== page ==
With the guidance and agreement of the module leader, you will select an area of technical practice that you want to develop in greater depth. You will then identify and undertake one or more projects that will give you the opportunity to extend your practice and support your career goals.

This could be an independent project, a professional work placement (provided you demonstrate that you are developing a specialism) or a student or professional production.
Examples of projects may include the following:
• An individual technical non-realised project, such as a system design for a large scale event
• A practical technical role within a production or larger project
• The creation of a portfolio of technical work through several smaller projects
• Technical work carried out as part of a placement within the industry

You will discuss project options with the module leader. You will be expected to take the lead in determining which will be the most appropriate for your learning and career aims, but the final decision rests with the College.

You will choose DMT621 or DMT622.

DMT621 Independent Research Project (Practice Research)

DMT622 Independent Research Project (Dissertation)

Teaching and assessment methods

In your first year, you will complete around 270 hours of indicative scheduled learning and teaching activities and 930 hours of independent learning on projects, productions, placements or self-directed study. Assessment will be through: Exam; Coursework, presentations, assessed tutorials and portfolios.

In your second year, you will complete around 260 hours of indicative scheduled learning and teaching activities and 940 hours of independent learning on projects, productions, placements or self-directed study. Assessment will be through: Coursework, presentations, assessed tutorials and portfolios.

In your third year, you will complete around 60 hours of indicative scheduled learning and teaching activities and 1140 hours of independent learning on projects, productions, placements or self-directed study. Assessment will be through: Coursework, presentations, assessed tutorials and portfolios.

Get a flavour

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Your future career

Two Rose Bruford College Audio Production students in a sound booth

We aim to put you in front of and amongst the profession. This includes the opportunity to network and undertake a placement as well as introducing your work to the industry at our graduate exhibition in London.

Careers options

This course will equip you with the skills to progress into work in music, theatre, live events, film, TV, radio, games and Virtual Reality (VR) and Augmented Reality (AR). Studying an Arts related subject gives you a wide range of skills that can be put to use in many careers. We see graduates going on to work as some of the following:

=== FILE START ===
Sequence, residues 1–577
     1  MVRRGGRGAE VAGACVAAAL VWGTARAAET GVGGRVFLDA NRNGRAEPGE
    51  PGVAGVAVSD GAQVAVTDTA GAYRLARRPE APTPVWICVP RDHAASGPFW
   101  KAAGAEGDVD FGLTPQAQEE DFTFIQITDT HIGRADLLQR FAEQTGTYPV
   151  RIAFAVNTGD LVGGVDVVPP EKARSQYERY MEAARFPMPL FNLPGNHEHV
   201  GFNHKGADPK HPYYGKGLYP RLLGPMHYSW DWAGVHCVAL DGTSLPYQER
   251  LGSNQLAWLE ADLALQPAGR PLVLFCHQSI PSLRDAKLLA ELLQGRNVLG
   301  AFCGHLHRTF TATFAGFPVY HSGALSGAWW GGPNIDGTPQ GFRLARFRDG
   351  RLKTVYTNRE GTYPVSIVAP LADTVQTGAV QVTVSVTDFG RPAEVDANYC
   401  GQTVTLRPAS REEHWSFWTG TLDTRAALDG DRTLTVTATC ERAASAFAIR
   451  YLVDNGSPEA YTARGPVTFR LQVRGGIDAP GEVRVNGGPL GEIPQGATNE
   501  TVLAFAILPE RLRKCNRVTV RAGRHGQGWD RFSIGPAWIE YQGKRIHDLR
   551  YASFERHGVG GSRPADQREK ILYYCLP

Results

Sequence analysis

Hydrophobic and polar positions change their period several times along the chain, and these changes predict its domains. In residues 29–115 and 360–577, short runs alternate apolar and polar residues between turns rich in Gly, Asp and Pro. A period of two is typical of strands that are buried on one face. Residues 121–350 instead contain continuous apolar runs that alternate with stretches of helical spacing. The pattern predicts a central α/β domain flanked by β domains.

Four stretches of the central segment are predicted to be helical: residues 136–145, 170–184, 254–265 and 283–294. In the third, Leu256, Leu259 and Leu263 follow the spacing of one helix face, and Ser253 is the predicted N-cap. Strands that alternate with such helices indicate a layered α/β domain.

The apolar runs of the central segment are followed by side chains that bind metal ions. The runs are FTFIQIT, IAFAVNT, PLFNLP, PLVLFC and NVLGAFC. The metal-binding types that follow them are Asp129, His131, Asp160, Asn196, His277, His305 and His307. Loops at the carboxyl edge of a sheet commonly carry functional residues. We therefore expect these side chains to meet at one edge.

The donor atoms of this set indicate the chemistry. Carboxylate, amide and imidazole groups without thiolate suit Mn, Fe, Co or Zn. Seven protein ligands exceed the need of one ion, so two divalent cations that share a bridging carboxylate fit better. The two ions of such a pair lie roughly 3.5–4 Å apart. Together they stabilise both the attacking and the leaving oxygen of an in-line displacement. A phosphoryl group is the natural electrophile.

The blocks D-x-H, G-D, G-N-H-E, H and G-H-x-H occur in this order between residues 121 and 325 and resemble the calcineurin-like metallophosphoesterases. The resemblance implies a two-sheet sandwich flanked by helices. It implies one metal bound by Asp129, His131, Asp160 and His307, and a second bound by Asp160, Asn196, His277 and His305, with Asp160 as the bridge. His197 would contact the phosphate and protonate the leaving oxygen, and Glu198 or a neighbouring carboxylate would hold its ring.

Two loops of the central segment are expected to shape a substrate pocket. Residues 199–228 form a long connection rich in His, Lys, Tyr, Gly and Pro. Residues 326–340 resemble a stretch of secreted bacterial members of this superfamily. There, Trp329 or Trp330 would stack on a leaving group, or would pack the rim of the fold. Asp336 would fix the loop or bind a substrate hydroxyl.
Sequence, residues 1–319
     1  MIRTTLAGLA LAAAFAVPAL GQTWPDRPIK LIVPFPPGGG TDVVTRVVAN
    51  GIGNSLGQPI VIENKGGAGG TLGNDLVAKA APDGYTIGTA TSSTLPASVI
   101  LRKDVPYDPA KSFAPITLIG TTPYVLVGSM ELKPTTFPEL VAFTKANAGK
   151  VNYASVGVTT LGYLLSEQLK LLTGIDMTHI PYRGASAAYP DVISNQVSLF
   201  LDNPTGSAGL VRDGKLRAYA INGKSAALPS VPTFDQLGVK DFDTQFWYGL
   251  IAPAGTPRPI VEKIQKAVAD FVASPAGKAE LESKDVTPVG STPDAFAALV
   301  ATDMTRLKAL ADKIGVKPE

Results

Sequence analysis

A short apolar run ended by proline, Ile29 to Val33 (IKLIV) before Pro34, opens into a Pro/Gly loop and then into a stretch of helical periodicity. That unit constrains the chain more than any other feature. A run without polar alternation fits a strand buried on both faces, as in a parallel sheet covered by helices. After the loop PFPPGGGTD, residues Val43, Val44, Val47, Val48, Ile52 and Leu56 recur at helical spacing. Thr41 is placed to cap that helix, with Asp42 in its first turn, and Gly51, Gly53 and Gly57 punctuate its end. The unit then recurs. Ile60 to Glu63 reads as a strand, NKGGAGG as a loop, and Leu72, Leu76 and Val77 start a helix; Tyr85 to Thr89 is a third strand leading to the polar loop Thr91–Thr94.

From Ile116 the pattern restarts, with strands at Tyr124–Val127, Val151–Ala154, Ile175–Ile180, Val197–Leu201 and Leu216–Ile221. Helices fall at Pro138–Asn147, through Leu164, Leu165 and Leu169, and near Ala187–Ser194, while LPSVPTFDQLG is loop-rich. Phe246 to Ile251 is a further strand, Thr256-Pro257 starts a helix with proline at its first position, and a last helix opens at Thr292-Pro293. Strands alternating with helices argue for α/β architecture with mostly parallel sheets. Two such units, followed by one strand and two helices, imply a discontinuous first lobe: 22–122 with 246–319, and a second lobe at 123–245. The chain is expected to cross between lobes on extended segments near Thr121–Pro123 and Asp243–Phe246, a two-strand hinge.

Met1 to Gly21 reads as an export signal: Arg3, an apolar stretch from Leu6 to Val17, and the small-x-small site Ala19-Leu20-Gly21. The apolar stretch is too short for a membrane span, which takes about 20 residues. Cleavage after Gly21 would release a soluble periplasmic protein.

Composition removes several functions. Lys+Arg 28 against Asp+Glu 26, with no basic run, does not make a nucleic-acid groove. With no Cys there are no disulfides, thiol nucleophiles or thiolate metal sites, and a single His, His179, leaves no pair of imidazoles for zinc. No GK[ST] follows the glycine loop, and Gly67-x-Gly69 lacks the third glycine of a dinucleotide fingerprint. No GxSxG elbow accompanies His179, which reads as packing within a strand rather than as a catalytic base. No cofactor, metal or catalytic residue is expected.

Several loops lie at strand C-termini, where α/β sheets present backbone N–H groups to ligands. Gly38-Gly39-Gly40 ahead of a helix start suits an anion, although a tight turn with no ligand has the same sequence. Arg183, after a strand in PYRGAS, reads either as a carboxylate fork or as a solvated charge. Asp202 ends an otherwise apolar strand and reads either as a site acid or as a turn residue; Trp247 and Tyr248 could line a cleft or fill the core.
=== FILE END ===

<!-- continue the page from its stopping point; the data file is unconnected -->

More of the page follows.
• Live and studio mixing engineer
  • Sound designer for theatre, film and TV
  • Audio and music producer
  • Audio technologist for theatre, film, TV, games and VR/AR
  • Sound artist
  • Studio and production manager
  • Game audio specialist
  • Conference and exhibition specialists and organisers
  • Planning, process and production technicians
  • Freelance and Creative start-ups

Meet the staff

Christophe Bourgouin Rose Bruford College Lecturer in Live and Recorded Sound
Christophe Bourgouin

Lecturer, Live and Recorded Sound

Read their profile

How to join

UK/Republic of Ireland and International applicants

For 2023 entry, please apply via UCAS by the UCAS deadline on 25th January 2023 to guarantee an interview.

Institution code: R51

Course code: WJ50

64 UCAS points*

This is equivalent to two Cs at ‘A’ level or one Merit and two Passes at BTEC (QCF) National Diploma or equivalent.

*We offer places based upon your future potential. We may offer you a place based on lower UCAS points than shown here, or an offer that is not linked to UCAS points if we have evidence of your potential from your application or portfolio review.

Portfolio

Our Portfolio page gives an overview of what we will ask you to provide once we receive your application.

Portfolio

Course Summary

Duration

3 years

Mode of study

Full time

Start date

September 2023

Course Type

Undergraduate Course

Qualification

BA (Hons) / BSc (Hons)

Course Fees (2022 Entry)

Fees for 2023 entry have not been published yet.

UK/Republic of Ireland students (Fee per year)

£9250

International students (Fee per year)

£18900

Funding and Support Additional Costs

So, ready?